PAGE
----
Remember the rule about circles we talked about?
• Why don’t you try using a simile to describe how he eats?
What about the rule which says that the area of a circle is ∏r²?
• Why don’t you use a simile to describe your character? Try ‘He gulped down his
food like a pelican’.
Calculate using ∏r². Multiply 27 x 27 then …
Feedback in summary
Effective feedback to learners:
• is best initiated by the learner
• focuses on the learning objective of the task
• occurs as the students are doing the learning
• provides information on how and why the student understands and misunderstands
• provides strategies to help the student to improve
• assists the student to understand the goals of the learning.
• Inside the Black Box, Raising Standards Through Classroom Assessment (Paul Black and Dylan Wiliam, 1998)
• Enriching Feedback in the Primary Classroom (Shirley Clarke, 2003)
• Formative Assessment in the Secondary Classroom (Shirley Clarke, 2005)
• Formative Assessment in Action: Weaving the Elements Together (Shirley Clarke, 2005)
• Visible Learning (John Hattie, 2009)
• Teacher Feedback to Young Children in Formative Assessment: A Typology (Pat Tunstall and Caroline Gripps, 1996)
• Assessment and Learning in the Secondary School (Ted Wragg, 2001)
Group work (mixed subjects) 20 minutes
• List the successful AfL and feedback techniques you have used with G&T, SEN and EAL pupils.
• Which techniques were best suited to each group and why?
• List the less successful AfL and feedback techniques with these groups. Why were these less successful?
If you have time…
• Consider issues with AfL and feedback, such as:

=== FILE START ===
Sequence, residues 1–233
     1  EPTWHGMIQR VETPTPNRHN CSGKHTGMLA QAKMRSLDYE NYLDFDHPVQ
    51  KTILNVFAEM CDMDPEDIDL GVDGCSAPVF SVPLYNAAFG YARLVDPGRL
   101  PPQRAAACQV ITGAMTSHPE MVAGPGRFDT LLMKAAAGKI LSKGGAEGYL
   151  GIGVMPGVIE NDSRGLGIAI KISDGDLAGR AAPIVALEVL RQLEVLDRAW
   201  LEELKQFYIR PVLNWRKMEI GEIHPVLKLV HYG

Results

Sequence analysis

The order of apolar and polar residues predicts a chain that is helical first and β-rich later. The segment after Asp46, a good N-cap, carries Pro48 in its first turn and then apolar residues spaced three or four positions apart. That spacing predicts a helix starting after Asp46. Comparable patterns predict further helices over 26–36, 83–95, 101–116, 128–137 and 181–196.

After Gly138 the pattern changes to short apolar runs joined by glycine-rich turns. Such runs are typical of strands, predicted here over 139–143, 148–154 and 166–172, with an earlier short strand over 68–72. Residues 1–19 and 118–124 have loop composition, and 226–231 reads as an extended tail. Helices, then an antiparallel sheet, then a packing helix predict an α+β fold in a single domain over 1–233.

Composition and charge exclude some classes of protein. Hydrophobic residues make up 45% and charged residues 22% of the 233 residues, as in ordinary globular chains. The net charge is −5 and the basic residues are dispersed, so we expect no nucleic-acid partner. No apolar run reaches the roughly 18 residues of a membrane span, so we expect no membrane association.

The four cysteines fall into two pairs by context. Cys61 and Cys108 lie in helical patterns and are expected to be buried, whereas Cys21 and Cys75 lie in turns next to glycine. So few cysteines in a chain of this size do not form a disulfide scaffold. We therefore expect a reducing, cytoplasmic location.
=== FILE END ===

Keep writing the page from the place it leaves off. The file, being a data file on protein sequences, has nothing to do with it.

• Conflicts with whole-school and/or departmental marking policy
• How its fit in with literacy across the curriculum
• To grade or not to grade
• Increase in workload
• Effective self and peer assessment
• Can summative assessment be used as an AfL technique?
• How have you (or your school) addressed one or more of these issues? If so, how?
Group work (subject specific/complementary)
• Share the information from the previous task
• Prepare a report/presentation to share with the rest of the group which considers:
• AfL and feedback techniques for G&T, SEN and EAL pupils best suited to your
• Any AfL and feedback techniques for these groups used in other subjects that can be
applied to your subject;
• (Extension) AfL issues in your subject/curriculum area and how they can be addressed.
You should have:
• Consolidated your understanding of AfL;
• Consolidated your understanding of effective feedback;
• Shared good AfL and feedback practice for G&T, SEN and EAL pupils both within your
subject and across the curriculum;
• Reviewed your practice of AfL and feedback, identifying successes and strategies for
• A suggested reading list for further information.